- Males had a stronger preference than females for content created by females, 51% vs 42% respectively. Males also had a stronger preference than females for content created by males, 23% vs 13%, respectively. So overall, females were more likely than males to NOT have any gender preference for the content creator, 38% vs 20% respectively.
- The oldest age group were most likely to NOT have any gender preference for the content creator.
****** Data from participants who have engaged with ASMR content ******
(62% of all respondents, N=7595)
Approximately, how often do you consume ASMR content e.g. video or audio tracks? N=7595.
- 21% Daily (1x or more per day)
- 39% Weekly (1-6 days per week)
- 15% Monthly (1-3 days per month)
- 25% Less than monthly
- About 60% of all ASMR consumers in this study are engaging with ASMR content at least once a week (21% Daily + 39% Weekly = 60%).
- Males and females for all countries had similar daily engagement with ASMR content (21% vs 22%)
- Ages 25-34 had the highest daily engagement with ASMR content and ages 55+ had the lowest engagement frequency.
- Brazil had the highest daily engagement with ASMR content and France had the lowest engagement frequency.
To what extent do you like or dislike ASMR content? N=7595.
- 55% selected Like, Strongly Like, or Love
- 31% selected Neutral
- 14% selected Dislike, Strongly Disklike, or Hate
- Brazil selected Like, Strongly Like, or Love the most (71%), and France selected one of those terms the least (42%).
- Ages 35-44 selected Like, Strongly Like, or Love the most (64%), and Ages 55+ selected those terms the least (48%).
- There were not any big differences between males and females in their like or dislike for ASMR content.
Select your top reasons for consuming ASMR content (video or audio-only; Tick up to three) N=7595.
- 36% To help reduce my stress
- 35% To help comfort or relax me
- 31% For entertainment
- 28% To help me fall asleep
- 21% To help lift my mood
- 13% To help me focus on a task
- 9% To help reduce my physical pain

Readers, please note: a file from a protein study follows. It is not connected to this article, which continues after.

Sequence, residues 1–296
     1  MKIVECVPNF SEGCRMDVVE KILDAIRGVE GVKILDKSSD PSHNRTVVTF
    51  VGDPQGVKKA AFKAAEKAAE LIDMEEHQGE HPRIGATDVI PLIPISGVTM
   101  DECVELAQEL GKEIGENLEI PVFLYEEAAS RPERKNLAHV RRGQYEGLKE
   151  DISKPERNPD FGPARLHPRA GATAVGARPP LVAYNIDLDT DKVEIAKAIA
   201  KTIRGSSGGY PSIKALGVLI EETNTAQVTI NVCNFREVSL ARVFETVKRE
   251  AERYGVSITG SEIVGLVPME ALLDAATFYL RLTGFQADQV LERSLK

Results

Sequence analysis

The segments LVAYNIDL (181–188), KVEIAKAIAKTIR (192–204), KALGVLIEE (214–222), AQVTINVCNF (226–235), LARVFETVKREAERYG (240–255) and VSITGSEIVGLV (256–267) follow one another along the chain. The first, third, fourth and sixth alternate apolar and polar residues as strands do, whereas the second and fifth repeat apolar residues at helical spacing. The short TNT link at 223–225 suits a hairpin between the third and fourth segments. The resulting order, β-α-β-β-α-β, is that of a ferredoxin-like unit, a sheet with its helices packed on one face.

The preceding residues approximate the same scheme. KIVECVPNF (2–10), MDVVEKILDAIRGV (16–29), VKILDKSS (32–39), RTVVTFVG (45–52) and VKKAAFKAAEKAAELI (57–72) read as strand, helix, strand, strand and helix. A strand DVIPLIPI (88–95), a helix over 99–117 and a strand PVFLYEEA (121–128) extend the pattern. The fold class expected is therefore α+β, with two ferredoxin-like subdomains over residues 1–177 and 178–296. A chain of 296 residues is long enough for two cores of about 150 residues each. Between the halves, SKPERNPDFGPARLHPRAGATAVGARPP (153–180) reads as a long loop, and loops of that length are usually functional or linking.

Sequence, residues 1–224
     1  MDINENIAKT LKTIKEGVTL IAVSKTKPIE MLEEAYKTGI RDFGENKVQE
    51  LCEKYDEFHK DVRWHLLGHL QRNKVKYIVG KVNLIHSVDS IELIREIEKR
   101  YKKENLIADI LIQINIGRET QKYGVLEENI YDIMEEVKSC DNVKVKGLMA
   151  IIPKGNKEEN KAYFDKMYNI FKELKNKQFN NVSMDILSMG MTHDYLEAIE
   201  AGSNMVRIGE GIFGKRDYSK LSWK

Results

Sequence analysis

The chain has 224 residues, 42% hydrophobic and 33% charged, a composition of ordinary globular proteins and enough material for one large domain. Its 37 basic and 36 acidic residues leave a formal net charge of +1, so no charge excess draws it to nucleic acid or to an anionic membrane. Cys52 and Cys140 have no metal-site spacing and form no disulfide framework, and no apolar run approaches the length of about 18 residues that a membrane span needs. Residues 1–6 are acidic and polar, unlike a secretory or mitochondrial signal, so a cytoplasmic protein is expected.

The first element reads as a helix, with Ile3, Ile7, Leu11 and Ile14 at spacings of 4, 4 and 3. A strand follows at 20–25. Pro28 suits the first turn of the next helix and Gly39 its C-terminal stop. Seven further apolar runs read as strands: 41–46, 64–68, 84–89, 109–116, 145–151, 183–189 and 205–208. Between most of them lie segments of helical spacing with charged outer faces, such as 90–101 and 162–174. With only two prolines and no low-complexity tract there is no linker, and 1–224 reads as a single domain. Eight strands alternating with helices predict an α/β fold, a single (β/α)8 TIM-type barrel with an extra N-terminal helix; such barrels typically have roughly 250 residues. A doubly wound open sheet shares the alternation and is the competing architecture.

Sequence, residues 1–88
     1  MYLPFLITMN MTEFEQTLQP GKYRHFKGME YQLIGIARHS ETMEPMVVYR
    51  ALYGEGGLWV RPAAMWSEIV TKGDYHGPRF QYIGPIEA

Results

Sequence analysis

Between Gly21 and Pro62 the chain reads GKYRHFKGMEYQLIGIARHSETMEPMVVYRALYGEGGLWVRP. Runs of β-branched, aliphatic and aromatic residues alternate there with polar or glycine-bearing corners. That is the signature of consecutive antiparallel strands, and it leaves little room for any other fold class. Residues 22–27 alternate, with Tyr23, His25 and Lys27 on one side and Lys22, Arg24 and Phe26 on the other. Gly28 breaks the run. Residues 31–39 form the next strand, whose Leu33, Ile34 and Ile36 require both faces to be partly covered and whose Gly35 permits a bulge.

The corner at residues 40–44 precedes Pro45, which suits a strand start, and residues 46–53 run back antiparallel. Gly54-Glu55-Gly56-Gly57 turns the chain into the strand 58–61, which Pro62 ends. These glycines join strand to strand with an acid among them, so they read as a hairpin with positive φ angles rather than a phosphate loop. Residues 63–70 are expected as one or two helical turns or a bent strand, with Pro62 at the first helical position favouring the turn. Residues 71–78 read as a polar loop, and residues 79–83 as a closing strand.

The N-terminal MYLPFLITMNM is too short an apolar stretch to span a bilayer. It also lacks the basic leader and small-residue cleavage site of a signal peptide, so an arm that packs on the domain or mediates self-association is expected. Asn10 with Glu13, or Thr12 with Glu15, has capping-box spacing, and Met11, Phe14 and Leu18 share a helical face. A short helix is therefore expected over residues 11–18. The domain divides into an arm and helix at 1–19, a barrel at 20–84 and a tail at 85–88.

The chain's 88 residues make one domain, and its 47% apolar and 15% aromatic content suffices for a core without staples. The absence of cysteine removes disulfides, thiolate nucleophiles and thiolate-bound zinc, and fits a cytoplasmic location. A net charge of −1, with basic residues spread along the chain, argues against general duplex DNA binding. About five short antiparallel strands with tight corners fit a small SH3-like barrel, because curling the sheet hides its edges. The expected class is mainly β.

- 8% For sexual pleasure
- 4% Other
- Females were more likely than males to use ASMR content for stress reduction, relaxation, falling asleep, and entertainment. Males were more likely than females to use ASMR content for lifting mood, focusing, and sexual pleasure.
- Younger ages (16-24) were more likely than other age groups to use ASMR content for entertainment. Older ages (55+) were more likely than all other age groups to use ASMR content for falling asleep, physical pain, and sexual pleasure.
- Brazil was more likely than other countries to use ASMR content for stress reduction, relaxation, falling asleep, and low mood.
At what point do you feel a physical or emotional reaction when consuming ASMR content? N=7595.
- 25% First few seconds
- 37% After a few minutes
- 15% Halfway through or towards the end
- 8% Sometime after
- 14% I do not experience a physical or emotional reaction
- 1% Other
- The majority (62%) of ASMR experiencers feel a reaction within the first few minutes of consuming ASMR content.
- 16% of females did not experience a physical or emotional reaction to ASMR content, compared to 11% of males.
- France was most likely to not experience a reaction to ASMR content (20%).
- The youngest group (16-24) were most likely to not experience a reaction to ASMR content (19%)
****** Data from participants who have engaged with ASMR content & felt a reaction ******
(54% of all respondents, N=6503)
After consuming ASMR content (video or audio clip), how long do your physical and emotional reactions last? N=6503.
- 25% Only for the duration of the content
- 41% Between 1-10 minutes after
- 21% Between 11-30 minutes after
- 8% Between 31-60 minutes after
- 5% More than 60 minutes
- The feelings of ASMR tended to fade for the majority (66%) of experiencers within 10 minutes after the content has ended (25% + 41% = 66%)
- Males were slightly more likely than females to have longer lasting reactions to ASMR content.
- Ages 16-24 had the shortest reactions to ASMR content, and ages 35-54 had the longest reactions to ASMR content.
- Brazil showed the longest lasting reactions to ASMR content compared to other countries.
Learn more about ASMR research:
- Tips: How to be an ASMR researcher
- Insight: Interviews with ASMR researchers
- Browse: ASMR research and publications
Learn more about ASMR:
Want to be alerted of new blog articles, and/or new podcast episodes? Enter your email into the ***SAVE TIME*** widget (located in the sidebar or footer area).
Scroll down to Print, Share, Reblog, Like, Jump to related posts, or Comment.
This post brought to you by ASMR University. A site with the mission of increasing the awareness, understanding, and research of the Art and Science of Autonomous Sensory Meridian Response.